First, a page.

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  • Writer's pictureP.E.T. South Africa

Routines: Why They Matter

Updated: Mar 4, 2020

A routine is the game plan that gets your child up in the morning and tucked into bed at night. If things feel a bit chaotic; your child is irritable, and outbursts are a frequent occurrence, then perhaps it's time to revisit your game plan?

The simplest way to make a household run smoothly is to establish a consistent routine. And while predictability might sound rigid and boring to adults, your children will thrive on it. Here are our top four reasons why we encourage you to start today.

A routine reduces power struggles

A routine reduces the fear of the unknown. It is comforting to a child because it helps them feel in control of their world. Children also become accustomed to knowing what to expect and what is expected of them. When children start understanding the needs of the people around them, and when they feel their needs are also met, they are more likely to start acting out of consideration to others rather than just complying with a routine.

"In this way, children learn that other people have needs, and these needs are important. They also know that their needs are important and not subservient to parents’ needs. When children change their behaviour out of consideration, they are consciously putting their own needs last. A considerate change in behaviour is a voluntary change. There is no force involved, no power. Changing behaviour out of consideration is helpful for parents, empowering for children, and positive for the relationship." - Larissa Dann

A routine helps children cope with change

Change is inevitable. As adults, we know this, but children don't. Adults cope better with change for one simple reason - experience. A child who's been exposed to a routine his/her entire life will be more willing to trust you during times of change. Why? Because they know they can. A routine helps you to form a healthy attachment bond with a child because it promotes elements of safety, calmness, and stability. A securely attached child will be more open, confident, and adaptable to a change no matter how big or small.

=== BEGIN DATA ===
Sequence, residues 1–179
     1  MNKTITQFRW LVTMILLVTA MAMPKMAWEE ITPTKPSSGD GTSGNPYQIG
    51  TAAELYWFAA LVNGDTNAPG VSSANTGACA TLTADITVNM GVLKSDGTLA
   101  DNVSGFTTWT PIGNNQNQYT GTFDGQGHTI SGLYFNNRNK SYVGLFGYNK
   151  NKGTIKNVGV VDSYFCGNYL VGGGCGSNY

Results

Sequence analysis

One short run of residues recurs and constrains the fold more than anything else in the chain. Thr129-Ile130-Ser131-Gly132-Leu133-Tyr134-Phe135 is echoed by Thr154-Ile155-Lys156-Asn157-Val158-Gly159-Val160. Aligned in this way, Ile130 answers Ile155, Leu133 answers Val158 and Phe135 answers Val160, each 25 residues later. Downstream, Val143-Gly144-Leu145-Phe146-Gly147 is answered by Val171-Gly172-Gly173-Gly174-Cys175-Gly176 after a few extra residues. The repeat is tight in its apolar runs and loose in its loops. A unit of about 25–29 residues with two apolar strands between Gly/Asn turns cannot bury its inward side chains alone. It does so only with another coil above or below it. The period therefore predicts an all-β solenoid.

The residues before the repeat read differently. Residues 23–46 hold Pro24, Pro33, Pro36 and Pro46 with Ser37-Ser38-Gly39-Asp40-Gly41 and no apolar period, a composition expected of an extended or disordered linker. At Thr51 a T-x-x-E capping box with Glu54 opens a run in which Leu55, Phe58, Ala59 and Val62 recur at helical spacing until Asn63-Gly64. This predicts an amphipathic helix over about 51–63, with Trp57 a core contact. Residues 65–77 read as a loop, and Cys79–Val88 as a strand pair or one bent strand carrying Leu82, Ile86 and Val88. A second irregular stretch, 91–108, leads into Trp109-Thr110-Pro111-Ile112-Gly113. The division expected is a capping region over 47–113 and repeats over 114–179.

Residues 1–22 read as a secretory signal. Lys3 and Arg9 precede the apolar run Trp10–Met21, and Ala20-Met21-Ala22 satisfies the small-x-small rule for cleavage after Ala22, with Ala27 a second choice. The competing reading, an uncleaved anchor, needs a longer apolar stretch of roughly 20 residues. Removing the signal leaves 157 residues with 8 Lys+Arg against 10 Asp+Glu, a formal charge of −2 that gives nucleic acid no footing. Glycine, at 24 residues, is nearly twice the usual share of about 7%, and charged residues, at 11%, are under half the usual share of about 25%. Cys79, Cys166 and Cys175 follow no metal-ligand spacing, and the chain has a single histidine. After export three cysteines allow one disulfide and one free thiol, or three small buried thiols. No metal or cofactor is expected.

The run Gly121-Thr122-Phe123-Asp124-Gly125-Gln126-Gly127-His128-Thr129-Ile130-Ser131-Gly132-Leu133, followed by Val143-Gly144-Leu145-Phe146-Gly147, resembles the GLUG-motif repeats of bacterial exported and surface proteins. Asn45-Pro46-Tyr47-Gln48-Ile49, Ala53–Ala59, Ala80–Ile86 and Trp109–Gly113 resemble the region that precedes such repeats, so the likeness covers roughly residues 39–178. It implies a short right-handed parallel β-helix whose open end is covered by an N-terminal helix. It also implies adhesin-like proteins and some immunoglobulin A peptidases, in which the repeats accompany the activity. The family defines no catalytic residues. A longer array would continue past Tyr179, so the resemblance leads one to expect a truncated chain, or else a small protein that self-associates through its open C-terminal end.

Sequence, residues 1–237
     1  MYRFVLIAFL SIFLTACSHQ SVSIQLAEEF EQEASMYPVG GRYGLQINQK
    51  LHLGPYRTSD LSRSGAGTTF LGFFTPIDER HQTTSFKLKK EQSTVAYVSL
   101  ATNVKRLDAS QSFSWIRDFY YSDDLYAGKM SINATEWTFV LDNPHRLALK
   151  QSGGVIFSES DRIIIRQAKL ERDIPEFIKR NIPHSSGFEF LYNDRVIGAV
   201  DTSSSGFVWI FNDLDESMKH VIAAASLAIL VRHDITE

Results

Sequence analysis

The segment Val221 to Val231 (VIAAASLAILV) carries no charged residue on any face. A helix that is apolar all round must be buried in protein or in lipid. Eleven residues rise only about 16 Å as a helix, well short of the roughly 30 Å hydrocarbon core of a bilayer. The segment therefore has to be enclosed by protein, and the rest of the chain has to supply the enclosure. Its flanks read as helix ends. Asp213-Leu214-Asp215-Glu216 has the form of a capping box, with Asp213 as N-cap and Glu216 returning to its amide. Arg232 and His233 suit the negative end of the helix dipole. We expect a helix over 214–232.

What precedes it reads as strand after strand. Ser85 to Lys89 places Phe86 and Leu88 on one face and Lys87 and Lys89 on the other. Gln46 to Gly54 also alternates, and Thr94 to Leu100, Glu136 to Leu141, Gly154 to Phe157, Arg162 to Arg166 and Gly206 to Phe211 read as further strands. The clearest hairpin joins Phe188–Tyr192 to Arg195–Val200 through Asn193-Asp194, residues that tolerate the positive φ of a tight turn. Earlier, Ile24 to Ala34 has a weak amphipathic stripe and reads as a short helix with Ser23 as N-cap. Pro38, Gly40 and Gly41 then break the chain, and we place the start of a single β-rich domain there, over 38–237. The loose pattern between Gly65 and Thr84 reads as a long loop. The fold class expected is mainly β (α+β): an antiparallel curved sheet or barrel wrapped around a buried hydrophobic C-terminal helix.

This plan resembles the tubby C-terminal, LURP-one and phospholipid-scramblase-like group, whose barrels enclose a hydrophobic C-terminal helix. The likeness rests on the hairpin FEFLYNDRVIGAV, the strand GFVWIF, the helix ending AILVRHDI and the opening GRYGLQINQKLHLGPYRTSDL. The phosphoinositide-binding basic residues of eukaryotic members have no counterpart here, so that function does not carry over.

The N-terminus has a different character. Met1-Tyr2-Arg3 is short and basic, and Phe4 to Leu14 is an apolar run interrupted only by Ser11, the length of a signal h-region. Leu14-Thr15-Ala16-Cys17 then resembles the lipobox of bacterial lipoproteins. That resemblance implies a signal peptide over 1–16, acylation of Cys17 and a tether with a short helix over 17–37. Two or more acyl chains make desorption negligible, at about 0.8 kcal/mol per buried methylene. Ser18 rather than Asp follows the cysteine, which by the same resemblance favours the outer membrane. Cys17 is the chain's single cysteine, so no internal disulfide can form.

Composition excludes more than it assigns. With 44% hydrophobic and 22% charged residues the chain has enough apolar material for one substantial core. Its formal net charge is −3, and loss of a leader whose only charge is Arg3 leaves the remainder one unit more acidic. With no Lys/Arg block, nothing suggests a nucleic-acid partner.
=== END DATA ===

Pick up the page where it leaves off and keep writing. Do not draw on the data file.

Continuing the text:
A routine promotes family bonding

Young children are observers and they pay close attention to what goes on around them. One thing that they'll come to notice in a routine are the things (values, systems, interests, beliefs) that family members share. A child can see that the time spent together is special. A routine also reduces stress and anxiety among family members, leaving more time to enjoy each other's company.

A routine promotes healthy habits

Routine models behaviour (the things people do) and how we express emotion (the things people say) to a child. From these behaviours and emotions, children learn self-discipline as well as how to self-regulate. From brushing teeth to breathing deeply during a fit of frustration, these are all habits that can be promoted by a healthy routine.

While establishing and maintaining routine has numerous benefits, it's important to always consider the uniqueness of your child. What works in one household won't necessarily work in yours. Therefore, we encourage you to make your child part of setting the routine, especially as they get older. Make use of effective communication skills like active listening and problem-solving techniques to help you along the way. And most importantly, remember to be patient and flexible.

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Disclaimer: The information contained in this communication is not to be construed as medical advice. Consult a professional on any medical or psychological concerns. The articles and blogs are posted only as opinion or ideas, and are general in nature. The administrator takes no responsibility for any action or outcome a reader may make as a result of reading a post.

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